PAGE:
From Google Blogoscoped:
The Google cache of web pages is one of those features known to be widely blocked for Chinese users thanks to China Mainland internet service providers, outside of the responsibility of Google. The missing “cache” link however is now in the responsibility of Google. It’s another form of self-censorship Google has committed to in China, and the reasoning for this may be similar to previous forms of Google.cn self-censorship; Google may argue they aim to provide a better user experience with that feature removal, as people clicking on the cache link before weren’t ending up on the actual web page cache. This also means that indirectly – and whether or not the Chinese gov’t actively pressured Google to remove the feature – it’s another step in Google.cn becoming the kind of search engine the Chinese government (more precisely, its ministry of information) would like to see. Through control of one side of the technology – ISPs – the gov’t exerts indirect control over Google, as going by Google’s logic of “we need to shield Google users in China from broken links/ services“**, they can block certain features of Google to then have Google remove them on their end, too.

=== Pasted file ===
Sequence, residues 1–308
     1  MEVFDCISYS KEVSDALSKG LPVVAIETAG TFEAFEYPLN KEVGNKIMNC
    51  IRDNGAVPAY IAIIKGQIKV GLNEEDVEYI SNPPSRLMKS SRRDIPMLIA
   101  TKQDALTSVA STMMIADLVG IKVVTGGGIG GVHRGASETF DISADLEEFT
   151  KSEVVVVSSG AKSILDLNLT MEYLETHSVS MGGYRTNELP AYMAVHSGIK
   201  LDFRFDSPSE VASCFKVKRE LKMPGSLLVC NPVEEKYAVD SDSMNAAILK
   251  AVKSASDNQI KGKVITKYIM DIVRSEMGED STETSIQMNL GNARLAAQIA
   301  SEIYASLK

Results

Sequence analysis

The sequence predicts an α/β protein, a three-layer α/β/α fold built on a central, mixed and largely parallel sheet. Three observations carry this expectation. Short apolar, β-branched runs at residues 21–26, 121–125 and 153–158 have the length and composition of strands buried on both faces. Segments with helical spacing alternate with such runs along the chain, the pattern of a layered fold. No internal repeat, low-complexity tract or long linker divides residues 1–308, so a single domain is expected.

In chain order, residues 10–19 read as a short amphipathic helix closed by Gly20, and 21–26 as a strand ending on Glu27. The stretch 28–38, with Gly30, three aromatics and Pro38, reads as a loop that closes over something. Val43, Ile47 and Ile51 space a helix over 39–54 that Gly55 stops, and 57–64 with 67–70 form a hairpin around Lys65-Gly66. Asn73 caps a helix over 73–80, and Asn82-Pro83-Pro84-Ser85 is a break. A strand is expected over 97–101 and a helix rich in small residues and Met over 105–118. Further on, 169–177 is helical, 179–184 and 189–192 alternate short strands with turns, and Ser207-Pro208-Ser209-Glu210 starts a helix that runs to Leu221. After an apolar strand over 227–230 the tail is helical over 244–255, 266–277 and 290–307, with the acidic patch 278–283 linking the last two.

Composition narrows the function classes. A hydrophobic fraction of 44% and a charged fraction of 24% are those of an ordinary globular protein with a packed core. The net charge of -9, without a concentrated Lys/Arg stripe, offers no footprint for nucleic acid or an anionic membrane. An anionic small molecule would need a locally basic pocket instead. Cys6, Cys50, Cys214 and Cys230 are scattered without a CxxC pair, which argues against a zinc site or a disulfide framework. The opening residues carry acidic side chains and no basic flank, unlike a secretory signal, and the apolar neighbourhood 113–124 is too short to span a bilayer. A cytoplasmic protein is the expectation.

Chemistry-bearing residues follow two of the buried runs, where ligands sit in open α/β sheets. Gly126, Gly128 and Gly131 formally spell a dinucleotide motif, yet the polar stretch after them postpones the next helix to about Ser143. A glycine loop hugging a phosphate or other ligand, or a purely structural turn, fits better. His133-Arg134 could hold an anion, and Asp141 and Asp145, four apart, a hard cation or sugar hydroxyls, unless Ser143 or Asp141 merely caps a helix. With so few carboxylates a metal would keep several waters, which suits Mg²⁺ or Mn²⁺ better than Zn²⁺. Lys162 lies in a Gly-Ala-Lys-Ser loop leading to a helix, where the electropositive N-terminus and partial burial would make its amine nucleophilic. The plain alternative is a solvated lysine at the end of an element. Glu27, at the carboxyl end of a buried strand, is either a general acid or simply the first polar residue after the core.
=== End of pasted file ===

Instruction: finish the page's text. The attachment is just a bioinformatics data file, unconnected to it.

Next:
The Google slogan: Don’t be evil:
Don’t be evil. Much has been written about Google’s slogan, but we really try to live by it, particularly in the ranks of management. As in every organization, people are passionate about their views. But nobody throws chairs at Google, unlike management practices used at some other well-known technology companies. We foster to create an atmosphere of tolerance and respect, not a company full of yes men.
This is a looks-like-to-be a marketing campaign from Google in MSNBC.
See more about it in Wikipedia:
Some products and actions by Google are seen by some to be in contradiction to their Don’t Be Evil ethic. These include allowing advertisers to make nominative use of competitors’ trademarked keywords in AdWords advertisements, lack of diligence to prevent click fraud, copyright issues related to their Google Print Library Project, the inclusion of ethically-questionable content in Google Groups (computer intrusion instructions and password trading, for example), and the exclusion of some content from local search results in Germany and China that is restricted by local governments. Amnesty International and Human Rights Watch both have strongly condemned Google’s China policy, calling it a form of self-censorship.